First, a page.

Detecting implausible social network effects in acne, height, and headaches: longitudinal analysis. To investigate whether "network effects" can be detected for health outcomes that are unlikely to be subject to network phenomena.Statistical analysis common in network studies, such as logistic regression analysis, controlled for own and friend's lagged health status. Analyses controlled for environmental confounders.Subsamples of the National Longitudinal Study of Adolescent Health (Add Health (...) ).4300 to 5400 male and female adolescents who nominated a friend in the dataset and who were both longitudinally surveyed. Measurements Health outcomes, including headache severity, acne severity, and height self reported by respondents in 1994-5, 1995-6, and 2000-1.Significant network effects were observed in the acquisition of acne, headaches, and height. A friend's acne problems increased an individual's odds of acne problems (odds ratio 1.62, 95% confidence interval 0.91 to 2.89). The likelihood
An aqueous gel fixed combination of clindamycin phosphate 1.2% and benzoyl peroxide 2.5% for the once-daily treatment of moderate to severe acne vulgaris: Assessment of efficacy and safety in 2813 patients We sought to evaluate efficacy, safety, and tolerability of a combination of clindamycin phosphate 1.2% and benzoyl peroxide 2.5% (clindamycin-BPO 2.5%) aqueous gel in moderate to severe acne vulgaris.A total of 2813 patients, aged 12 years or older, were randomized to receive clindamycin-BPO (...) 2.5%, individual active ingredients, or vehicle in two identical, double-blind, controlled 12-week, 4-arm studies evaluating safety and efficacy (inflammatory and noninflammatory lesion counts) using Evaluator Global Severity Score and subject self-assessment.Clindamycin-BPO 2.5% demonstrated statistical superiority to individual active ingredients and vehicle in reducing both inflammatory and noninflammatory lesions and acne severity. Visibly greater improvement was observed by patients
Evidence-based review of lasers, light sources and photodynamic therapy in the treatment of acne vulgaris Evidence-based review of lasers, light sources and photodynamic therapy in the treatment of acne vulgaris Evidence-based review of lasers, light sources and photodynamic therapy in the treatment of acne vulgaris Haedersdal M, Togsverd-Bo K, Wulf H C CRD summary This review investigated the efficacy and safety of optical treatments for acne vulgaris. The authors concluded that the treatments (...) had short-term efficacy. Photodynamic therapy had the most consistent outcomes. Poor reporting of the review process and limitations in the included studies precluded a thorough evaluation of the reliability of the authors' conclusions. Authors' objectives To assess the efficacy and adverse effects of optical treatments of acne vulgaris. Searching PubMed and The Cochrane Library were searched in March 2007 for relevant studies in the English language. Search terms were reported. Reference lists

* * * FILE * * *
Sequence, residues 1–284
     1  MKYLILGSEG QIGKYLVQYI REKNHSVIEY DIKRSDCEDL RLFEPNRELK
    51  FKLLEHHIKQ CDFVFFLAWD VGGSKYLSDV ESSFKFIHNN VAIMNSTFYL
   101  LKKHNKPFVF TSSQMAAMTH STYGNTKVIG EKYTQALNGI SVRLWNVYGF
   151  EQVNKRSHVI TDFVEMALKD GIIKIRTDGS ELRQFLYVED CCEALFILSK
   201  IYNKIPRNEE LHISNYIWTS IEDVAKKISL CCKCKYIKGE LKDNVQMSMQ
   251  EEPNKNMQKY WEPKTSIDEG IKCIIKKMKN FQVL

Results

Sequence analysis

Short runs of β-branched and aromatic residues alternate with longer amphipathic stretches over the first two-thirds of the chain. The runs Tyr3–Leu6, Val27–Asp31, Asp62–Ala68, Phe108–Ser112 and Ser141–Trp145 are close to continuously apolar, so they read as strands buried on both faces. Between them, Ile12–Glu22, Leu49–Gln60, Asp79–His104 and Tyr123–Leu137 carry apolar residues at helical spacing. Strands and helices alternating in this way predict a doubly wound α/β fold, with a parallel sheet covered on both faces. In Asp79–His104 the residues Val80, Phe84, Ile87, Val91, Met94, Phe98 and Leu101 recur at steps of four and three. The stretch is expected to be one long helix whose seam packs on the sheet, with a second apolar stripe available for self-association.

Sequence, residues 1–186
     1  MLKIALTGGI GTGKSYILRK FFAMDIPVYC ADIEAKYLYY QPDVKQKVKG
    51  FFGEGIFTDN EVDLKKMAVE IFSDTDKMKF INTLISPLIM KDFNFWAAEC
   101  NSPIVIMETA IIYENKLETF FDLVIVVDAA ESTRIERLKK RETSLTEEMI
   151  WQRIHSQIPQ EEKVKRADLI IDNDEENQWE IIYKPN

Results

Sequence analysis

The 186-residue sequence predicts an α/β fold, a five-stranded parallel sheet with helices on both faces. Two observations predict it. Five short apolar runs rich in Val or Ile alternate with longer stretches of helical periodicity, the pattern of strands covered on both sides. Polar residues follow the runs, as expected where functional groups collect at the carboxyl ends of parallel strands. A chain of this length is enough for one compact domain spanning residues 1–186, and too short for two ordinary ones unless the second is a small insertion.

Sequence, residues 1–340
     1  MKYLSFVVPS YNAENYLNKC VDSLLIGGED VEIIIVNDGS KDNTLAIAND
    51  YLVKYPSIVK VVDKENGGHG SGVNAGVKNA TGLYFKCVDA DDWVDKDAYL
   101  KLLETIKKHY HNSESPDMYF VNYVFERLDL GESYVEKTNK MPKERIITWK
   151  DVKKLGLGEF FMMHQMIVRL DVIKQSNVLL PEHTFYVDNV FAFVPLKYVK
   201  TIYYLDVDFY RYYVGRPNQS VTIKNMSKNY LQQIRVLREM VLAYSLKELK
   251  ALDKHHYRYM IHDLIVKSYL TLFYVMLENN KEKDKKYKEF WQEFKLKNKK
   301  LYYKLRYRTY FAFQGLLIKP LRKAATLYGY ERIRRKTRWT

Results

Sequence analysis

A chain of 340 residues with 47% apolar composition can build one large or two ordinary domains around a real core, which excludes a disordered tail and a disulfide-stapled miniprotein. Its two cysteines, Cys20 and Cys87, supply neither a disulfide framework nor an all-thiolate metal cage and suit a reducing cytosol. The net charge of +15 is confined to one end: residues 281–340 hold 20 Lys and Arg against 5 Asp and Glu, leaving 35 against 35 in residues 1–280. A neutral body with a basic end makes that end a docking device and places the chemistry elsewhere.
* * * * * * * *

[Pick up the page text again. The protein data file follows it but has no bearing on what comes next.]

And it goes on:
Adapalene-benzoyl peroxide, a fixed-dose combination for the treatment of acne vulgaris: results of a multicenter, randomized double-blind, controlled study. BACKGROUND: A fixed-dose combination gel with adapalene 0.1% and benzoyl peroxide (BPO) 2.5% has been developed for the once-daily treatment of acne. OBJECTIVE: To evaluate the efficacy and safety of adapalene 0.1% -BPO 2.5% fixed combination gel (adapalene-BPO) for the treatment of acne. METHODS: A total of 517 subjects were randomized (...) tolerability profile for adapalene-BPO were similar to adapalene monotherapy. LIMITATIONS: These data were generated in a controlled trial. Results obtained in clinical practice could differ. CONCLUSIONS: The fixed-dose combination of adapalene and BPO provides significantly greater efficacy for the treatment of acne vulgaris as early as week 1 relative to monotherapies, with a comparable safety profile to adapalene.
Acne. Guidelines and Measures | Agency for Healthcare Research & Quality HHS.gov Search ahrq.gov Search ahrq.gov Menu Topics A - Z Healthcare Delivery Latest available findings on quality of and access to health care Searchable database of AHRQ Grants, Working Papers & HHS Recovery Act Projects AHRQ Projects funded by the Patient-Centered Outcomes Research Trust Fund You are here Guidelines and Measures Funding for the National Guideline Clearinghouse (NGC) has ended. Learn more about
Topical and oral CAM in acne: a review of the empirical evidence and a consideration of its context Topical and oral CAM in acne: a review of the empirical evidence and a consideration of its context Topical and oral CAM in acne: a review of the empirical evidence and a consideration of its context Magin P J, Adams J, Pond C D, Smith W CRD summary This review examined topical and oral complementary and alternative treatments for acne. The authors concluded that the evidence base was limited (...) ; this reflects the poor quality of most of the included studies. The review methodology was poorly reported and the reliability of the review's conclusions is therefore unclear. Authors' objectives To examine the efficacy of different methods of complementary and alternative medicine (CAM) in the treatment of acne. Searching MEDLINE, EMBASE, AMED, DARE and the Cochrane Library were searched using the reported search terms. The dates of the search were not reported. The reference lists of identified articles
Randomised controlled multiple treatment comparison to provide a cost-effectiveness rationale for the selection of antimicrobial therapy in acne Randomised controlled multiple treatment comparison to provide a cost-effectiveness rationale for the selection of antimicrobial therapy in acne Randomised controlled multiple treatment comparison to provide a cost-effectiveness rationale for the selection of antimicrobial therapy in acne Ozolins M, Eady E A, Avery A, Cunliffe W J, O'Neill C, Simpson N (...) B, et al Record Status This is a bibliographic record of a published health technology assessment from a member of INAHTA. No evaluation of the quality of this assessment has been made for the HTA database. Citation Ozolins M, Eady E A, Avery A, Cunliffe W J, O'Neill C, Simpson N B, et al. Randomised controlled multiple treatment comparison to provide a cost-effectiveness rationale for the selection of antimicrobial therapy in acne. Health Technology Assessment 2005; 9(1): 1-212 Authors